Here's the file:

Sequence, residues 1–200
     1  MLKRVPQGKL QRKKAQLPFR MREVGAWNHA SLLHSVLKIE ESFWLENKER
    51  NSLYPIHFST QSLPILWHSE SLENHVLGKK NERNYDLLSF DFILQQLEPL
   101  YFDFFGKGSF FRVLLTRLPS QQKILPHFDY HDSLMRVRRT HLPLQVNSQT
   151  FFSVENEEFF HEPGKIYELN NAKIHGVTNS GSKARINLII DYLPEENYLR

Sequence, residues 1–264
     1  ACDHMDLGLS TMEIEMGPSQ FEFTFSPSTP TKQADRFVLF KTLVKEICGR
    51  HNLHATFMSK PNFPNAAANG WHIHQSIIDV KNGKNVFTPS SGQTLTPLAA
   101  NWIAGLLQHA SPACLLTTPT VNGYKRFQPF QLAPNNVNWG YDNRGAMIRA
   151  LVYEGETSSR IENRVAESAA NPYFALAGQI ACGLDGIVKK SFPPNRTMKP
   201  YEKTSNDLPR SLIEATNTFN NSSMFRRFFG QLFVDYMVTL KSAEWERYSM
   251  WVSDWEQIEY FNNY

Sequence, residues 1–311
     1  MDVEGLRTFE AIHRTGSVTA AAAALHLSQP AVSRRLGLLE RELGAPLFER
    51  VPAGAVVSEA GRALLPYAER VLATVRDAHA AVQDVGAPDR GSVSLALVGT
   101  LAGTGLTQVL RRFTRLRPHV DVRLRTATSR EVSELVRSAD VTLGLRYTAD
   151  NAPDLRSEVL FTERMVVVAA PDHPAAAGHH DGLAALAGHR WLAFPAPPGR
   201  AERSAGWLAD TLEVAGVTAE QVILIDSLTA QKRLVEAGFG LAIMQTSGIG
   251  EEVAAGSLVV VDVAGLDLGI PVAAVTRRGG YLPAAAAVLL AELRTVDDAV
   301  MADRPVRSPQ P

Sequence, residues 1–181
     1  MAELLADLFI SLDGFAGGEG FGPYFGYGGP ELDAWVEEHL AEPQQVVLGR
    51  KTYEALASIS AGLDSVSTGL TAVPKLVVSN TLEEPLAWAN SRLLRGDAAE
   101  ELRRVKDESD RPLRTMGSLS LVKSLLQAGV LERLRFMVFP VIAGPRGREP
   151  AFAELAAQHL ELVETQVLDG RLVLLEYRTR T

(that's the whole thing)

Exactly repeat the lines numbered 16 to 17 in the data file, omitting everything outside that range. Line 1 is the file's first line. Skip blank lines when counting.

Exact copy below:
   101  LAGTGLTQVL RRFTRLRPHV DVRLRTATSR EVSELVRSAD VTLGLRYTAD
   151  NAPDLRSEVL FTERMVVVAA PDHPAAAGHH DGLAALAGHR WLAFPAPPGR